Central to the project was creating a sensitively deferential backdrop for the clients’ extensive art and design collection. David and Suzie flew to the clients’ house in Florida where many of the works were kept. ‘They had a lot of incredible pieces, but we had to be really specific, picking only the best, most interesting, unique things. They wanted to use this as a new chapter, to boil down to the essentials,’ says David. The result? Lynette Yiadom-Boakye’s Vachement hangs above a Pablo Reinoso bench that unfurls onto the floor in the entry hall. A vibrant David Hockney landscape is placed above a decorative Paul Evans dresser, in rich contrast to the polished terrazzo stone floor and cool limestone walls. A sizeable Philip Guston painting overlooks the sunken living room space.
The architectural plans were largely finalised when the art and design selection took place, so each chair, each table, was chosen with a specific location in mind. The glorious floor-to-ceiling windows came at the expense of wall-hanging space. ‘There was no “we’ll just find a place for it”,’ says Suzie.
A handful of additional works were commissioned or judiciously sourced, such as the Vladimir Kagan sofa by the fireplace, which had to fit precise dimensions. ‘The client is fastidious about provenance,’ they say. The team went on a pilgrimage to George Nakashima’s workshop in Pennsylvania and spent the day with his daughter Mira, who now runs the business, selecting wood and discussing which part of the timber should be the most prevalent for a table and chairs.
Sculptor David Wiseman was commissioned to create a large 18ft-wide sculpture of tree branches, which sprawl across the ceiling of the sunken living room. ‘It breaks the main line of the space and feels like it’s creeping outside of the boundaries,’ says David Lucas, who explains that Wiseman cast acorns from the tree just outside the window for the sculpture. ‘It was an incredibly beautiful surprise to discover that, at night, when the light reflects off the water from the pool onto the ceiling, you get this shimmery glow with the Wiseman sculpture. It’s amazing.’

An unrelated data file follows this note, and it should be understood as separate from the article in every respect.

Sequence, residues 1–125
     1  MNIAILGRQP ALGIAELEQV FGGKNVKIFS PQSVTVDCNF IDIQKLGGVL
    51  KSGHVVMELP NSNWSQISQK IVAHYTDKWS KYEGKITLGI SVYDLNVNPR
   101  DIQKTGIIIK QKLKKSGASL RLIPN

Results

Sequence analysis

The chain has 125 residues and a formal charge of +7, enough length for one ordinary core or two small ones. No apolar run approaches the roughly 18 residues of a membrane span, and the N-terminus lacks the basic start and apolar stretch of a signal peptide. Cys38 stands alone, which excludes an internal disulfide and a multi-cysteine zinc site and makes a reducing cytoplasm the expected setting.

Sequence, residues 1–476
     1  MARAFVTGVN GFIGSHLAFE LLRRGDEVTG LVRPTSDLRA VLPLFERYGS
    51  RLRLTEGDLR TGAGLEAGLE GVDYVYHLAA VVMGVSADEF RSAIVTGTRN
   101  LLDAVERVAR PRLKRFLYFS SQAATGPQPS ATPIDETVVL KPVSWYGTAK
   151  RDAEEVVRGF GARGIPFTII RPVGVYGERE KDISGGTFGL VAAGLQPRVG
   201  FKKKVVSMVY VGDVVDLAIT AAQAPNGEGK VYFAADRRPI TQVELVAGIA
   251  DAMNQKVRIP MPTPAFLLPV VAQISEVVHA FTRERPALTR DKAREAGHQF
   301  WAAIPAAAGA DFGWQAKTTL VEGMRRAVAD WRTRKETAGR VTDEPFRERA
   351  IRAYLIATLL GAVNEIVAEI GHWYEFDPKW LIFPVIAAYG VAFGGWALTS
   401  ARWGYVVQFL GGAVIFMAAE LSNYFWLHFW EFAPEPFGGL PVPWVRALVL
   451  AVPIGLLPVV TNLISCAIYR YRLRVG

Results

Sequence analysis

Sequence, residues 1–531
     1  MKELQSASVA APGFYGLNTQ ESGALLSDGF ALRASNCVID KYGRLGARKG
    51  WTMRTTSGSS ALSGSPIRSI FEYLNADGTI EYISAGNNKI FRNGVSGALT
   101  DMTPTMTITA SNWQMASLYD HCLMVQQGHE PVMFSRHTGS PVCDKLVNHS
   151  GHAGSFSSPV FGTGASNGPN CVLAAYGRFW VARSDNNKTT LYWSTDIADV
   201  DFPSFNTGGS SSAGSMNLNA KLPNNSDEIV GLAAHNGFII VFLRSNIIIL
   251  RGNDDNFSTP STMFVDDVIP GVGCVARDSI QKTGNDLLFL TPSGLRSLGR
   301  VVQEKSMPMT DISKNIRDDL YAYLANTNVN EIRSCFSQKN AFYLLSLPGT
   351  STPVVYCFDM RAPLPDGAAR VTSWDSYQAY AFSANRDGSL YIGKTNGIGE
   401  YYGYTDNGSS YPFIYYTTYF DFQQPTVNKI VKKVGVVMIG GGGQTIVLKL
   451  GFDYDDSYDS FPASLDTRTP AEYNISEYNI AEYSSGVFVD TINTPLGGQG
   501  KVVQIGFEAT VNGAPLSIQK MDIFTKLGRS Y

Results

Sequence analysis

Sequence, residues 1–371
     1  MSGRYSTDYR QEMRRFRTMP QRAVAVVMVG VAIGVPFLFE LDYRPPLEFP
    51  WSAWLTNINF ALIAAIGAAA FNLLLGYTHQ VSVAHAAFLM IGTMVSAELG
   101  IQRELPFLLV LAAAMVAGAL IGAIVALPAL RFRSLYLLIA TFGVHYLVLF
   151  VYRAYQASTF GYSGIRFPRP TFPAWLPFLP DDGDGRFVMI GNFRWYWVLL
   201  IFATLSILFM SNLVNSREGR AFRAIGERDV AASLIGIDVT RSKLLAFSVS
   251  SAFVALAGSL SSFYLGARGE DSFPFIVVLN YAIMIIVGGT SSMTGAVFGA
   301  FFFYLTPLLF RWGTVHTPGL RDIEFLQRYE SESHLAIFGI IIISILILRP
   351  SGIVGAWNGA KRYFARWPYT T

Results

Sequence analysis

David Lucas designed a game table, using a continuation of materials already in play in the house – a base of flame-sprayed nickel and a cerused oak top. ‘I wanted it to be able to hold its own but not fight with the Nakashima chairs at the table. It’s designed to be the quiet, stoic friend in the room.’
Lighting the house was challenging due to the expanse of glass: ‘You either have too much or not enough,’ says Suzie. They strategised lighting in layers: firstly, illuminating the art correctly. Secondly, on a conceptual level, ‘I wanted all of the ceilings in this house to float away from the walls,’ says David. He cleverly ‘held back’ the walls from the ceiling to create a gap, where subtle ambient light appears to pool. The result? ‘Everything feels like it has this brightness and levity.’ Further tricks, such as stretching fabric over an LED light, created a soft ambient glow in the kitchen and master closet.
Lucas partnered with Jonas Upholstery for certain items, such as covering the large sectional sofa in the sunken living space. All the rugs were new, designed in partnership with Fedora and woven in India, except for two midcentury buys for the office and guest bedroom. ‘Originally, the cabinets in the office went down to the ground, but after the client bought the incredible rug, we elevated the cabinetry to accommodate its size perfectly,’ says David.
His ambition was to better connect the property with the vista and, to do so, he enlisted landscape architect David Hocker. The pair worked on a versatile sunken seating area. ‘I like to set any furniture or pool down low so that they don’t obstruct the view,’ says David Lucas. He credits Hocker with coming up with the ‘genius idea’ to bring the pool right up to the living room window. It meant doing away with a yard area entirely. The client was willing – it was a ‘baller move’, says David. ‘Who is going to be OK with you completely getting rid of their yard?’
The overall finished project is almost exactly as planned. ‘Suzie Lucas doesn’t play games,’ jokes David. ‘I’m slightly OCD,’ she says, ‘but seriously, the technology available these days to make 3D models helps so much.’ A client’s appetite to ‘go on the journey’ with their designer is often influenced by their stage of life, their experience of renovation projects, and the desire for a house to be hyper-functional or lend itself to more unconventional living. ‘They knew this would likely be their last house design project and they wanted it to be fun,’ says David. ‘They really let this house be approached as a piece of sculpture.’ §